When they look like this,



you may repaint them like this.

[IMG]Untitled by gomango1849, on Flickr[/IMG]

May be available btw.........

Those are some really odd looking clover leaves.

Also an odd placement of the chainstay decal.

Hopefully you didn't overpay for the frame.

Nice repaint.
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Old 03-05-15, 11:15 PM
  #33  
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Originally Posted by CliffordK View Post

Those are some really odd looking clover leaves.

Also an odd placement of the chainstay decal.

Hopefully you didn't overpay for the frame.

Nice repaint.
Trust me, I never overpay.

As for the odd placement of decals, it isn't surprising.

It's a Gazelle.
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Old 03-06-15, 02:25 PM
  #34  
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Really need advice

This is my prized possession...

Lately I haven't been riding it everyday and its been hanging up (dry and temp controlled) for about 2 years, when I looked at it the other day my "patina" has progress quite a bit with out my help...

I have been reluctant to paint it for 2 reasons... One: i really like the patina. Two: I worry that i'm going to find a dent or crack that reduce the "value" of the frame that I can't see in its current condition (dispute looking really carefully)

So I have been wire brushing it to get rid of the loose paint, and I want to treat it with something to slow the progression of the rust. I have a local powdercoater who will do a blast and one color for 100ish.. he is a bit heavy handed but a thick coat might be just what the doctor ordered for this frame. I have a lot of paint experience but i frames are really tricky to paint.

Questions:

1. to paint or not to paint: opinions?
2. If paint: Powdercoat or Rattle can?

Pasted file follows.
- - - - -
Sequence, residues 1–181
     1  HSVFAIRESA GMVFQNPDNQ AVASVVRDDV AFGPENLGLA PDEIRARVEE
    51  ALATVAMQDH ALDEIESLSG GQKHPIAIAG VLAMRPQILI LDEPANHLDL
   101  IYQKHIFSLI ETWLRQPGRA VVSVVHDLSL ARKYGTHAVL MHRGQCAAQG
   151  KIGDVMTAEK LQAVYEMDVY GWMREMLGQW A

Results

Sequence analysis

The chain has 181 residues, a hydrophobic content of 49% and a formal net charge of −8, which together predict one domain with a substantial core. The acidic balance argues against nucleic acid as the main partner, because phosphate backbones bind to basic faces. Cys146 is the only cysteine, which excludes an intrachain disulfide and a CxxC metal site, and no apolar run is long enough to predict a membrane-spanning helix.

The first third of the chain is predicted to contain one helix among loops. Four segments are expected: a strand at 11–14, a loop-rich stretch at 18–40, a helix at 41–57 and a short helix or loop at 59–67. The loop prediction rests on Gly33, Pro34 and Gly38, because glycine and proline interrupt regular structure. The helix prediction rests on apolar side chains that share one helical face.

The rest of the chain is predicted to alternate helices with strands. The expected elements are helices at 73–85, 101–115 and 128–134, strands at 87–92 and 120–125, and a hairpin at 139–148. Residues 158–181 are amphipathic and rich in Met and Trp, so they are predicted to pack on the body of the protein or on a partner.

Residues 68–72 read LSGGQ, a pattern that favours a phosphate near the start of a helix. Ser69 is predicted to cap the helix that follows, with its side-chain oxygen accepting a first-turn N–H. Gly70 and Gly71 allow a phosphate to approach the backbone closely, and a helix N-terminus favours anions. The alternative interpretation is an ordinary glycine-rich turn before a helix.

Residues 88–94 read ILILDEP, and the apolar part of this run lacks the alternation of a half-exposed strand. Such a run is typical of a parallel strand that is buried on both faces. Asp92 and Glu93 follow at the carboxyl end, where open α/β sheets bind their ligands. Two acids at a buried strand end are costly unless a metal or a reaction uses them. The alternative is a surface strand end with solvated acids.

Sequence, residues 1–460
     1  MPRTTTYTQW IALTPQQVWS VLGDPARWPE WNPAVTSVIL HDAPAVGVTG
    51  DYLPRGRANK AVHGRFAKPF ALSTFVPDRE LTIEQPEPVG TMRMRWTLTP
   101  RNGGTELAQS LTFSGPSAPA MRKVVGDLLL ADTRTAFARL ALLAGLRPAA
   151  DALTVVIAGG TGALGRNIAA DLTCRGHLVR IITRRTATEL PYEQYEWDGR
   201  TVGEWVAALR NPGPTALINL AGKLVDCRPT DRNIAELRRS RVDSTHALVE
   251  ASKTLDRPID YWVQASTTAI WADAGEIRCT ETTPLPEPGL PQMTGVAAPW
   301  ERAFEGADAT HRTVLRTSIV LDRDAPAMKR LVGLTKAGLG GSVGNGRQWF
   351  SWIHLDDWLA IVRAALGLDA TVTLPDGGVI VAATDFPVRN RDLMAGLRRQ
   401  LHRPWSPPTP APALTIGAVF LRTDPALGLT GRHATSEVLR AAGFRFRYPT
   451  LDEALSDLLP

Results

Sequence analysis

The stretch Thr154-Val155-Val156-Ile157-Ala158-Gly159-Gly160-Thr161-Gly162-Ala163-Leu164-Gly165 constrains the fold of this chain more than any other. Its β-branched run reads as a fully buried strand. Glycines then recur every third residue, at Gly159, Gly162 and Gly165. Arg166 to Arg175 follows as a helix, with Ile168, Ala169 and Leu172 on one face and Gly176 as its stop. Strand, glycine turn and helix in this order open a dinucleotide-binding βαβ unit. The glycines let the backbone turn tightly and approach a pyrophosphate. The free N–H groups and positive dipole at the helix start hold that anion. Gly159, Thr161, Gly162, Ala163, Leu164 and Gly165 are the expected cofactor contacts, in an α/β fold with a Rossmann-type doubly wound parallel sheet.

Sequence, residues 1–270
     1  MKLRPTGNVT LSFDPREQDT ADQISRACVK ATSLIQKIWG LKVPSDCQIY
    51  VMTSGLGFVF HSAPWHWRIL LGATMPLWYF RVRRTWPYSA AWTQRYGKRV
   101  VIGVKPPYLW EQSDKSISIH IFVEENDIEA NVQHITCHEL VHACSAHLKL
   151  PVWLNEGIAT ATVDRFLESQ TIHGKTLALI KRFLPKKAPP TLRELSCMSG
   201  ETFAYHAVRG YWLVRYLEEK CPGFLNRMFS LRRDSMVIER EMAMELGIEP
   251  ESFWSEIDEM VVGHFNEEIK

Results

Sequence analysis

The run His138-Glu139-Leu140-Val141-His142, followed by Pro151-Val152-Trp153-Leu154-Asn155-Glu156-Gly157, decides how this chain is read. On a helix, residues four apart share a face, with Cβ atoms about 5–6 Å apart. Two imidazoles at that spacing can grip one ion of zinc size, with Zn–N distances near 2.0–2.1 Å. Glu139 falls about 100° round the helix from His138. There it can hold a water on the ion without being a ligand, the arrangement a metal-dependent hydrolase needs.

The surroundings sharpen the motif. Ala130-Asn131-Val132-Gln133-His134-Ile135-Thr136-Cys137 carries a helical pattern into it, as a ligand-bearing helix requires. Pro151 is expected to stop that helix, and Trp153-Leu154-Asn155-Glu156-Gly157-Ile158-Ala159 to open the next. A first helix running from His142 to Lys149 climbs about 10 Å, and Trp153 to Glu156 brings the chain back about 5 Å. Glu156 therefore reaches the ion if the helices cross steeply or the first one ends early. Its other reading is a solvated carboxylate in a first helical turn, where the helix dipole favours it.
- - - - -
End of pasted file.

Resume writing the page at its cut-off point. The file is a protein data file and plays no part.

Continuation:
3. What is a common treatment i can use slow the advancement of the rust?


Higher res: https://imgur.com/a/mtEXw

--- cool story about the origins of this frame: i was living in shanghai about 5 years during the rise of the "fixie" fad, a friend of mine was in Beijing and saw an older Chinese gentlemen riding this frame (too big for him) and it was set up like any old bike... complete with coaterbrakes, cruiser bars and a rack! this guy had been riding this around for groceries etc. for YEARS with no idea what it was... So my friend (a Chinese dude) pulled him over and asked him where he got it, the man said it was pulled out for the trash behind a beijing velodrome in the early 90s... my buddy offered the guy the equivalent of 400usd for the frame and the guy took the money on the spot... the frame was too big for my friend so i bought it for 500 off him not even knowing what a great deal i was getting... After looking on Ebay regularly i know that these track frames are pretty rare and even in this condition I could prolly get a tidy sum for it...
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Old 03-06-15, 02:38 PM
  #35  
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I restored a formula ford car several years ago and I painted the tube frame in my driveway and it turned out great. I did have it soda-blasted to remove original paint and rust. Then I cleaned up a few additional rusty areas that the soda did not remove. After lightly sanding and cleaning the frame I sprayed it with a Binks Model 50 touch-up ***. I used PPG acrylic enamel using some generic hardener to increase the durability of paint.
Spraying is the easy part of process. Its the prep that takes so much time to do correctly.
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Old 03-06-15, 06:27 PM
  #36  
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I've bought many bikes with the intention of repainting them and then decided against it. My Raleigh has no decals, almost no paint on the NDS chainstay, a huge scrape on the drive side top tube and is covered with little rust spots and patches of faded paint. I think I almost like it better that way than if it were new.

I am repainting a Motobecane that has nice paint and decals only because I bought it with the intention of making it a poor-man's Team Champion





I did a quick test spray without sanding or primer on a bent fork and I think the color is close enough.
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Old 03-06-15, 06:48 PM
  #37  
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So a question for C & V. If I repaint a Raleigh Carleton which currently has beat up original paint, complete with 531 stickers, with say a powdercoat paint job because I bought hat frame to be ridden, want to do gravel on it and would like a framebuilder to look at the frame before and after sandblasting and pay no attention to the original decals and artwork, is the bike C & V? Is it just V? Is it anything at all besides a bike that is a blast to ride?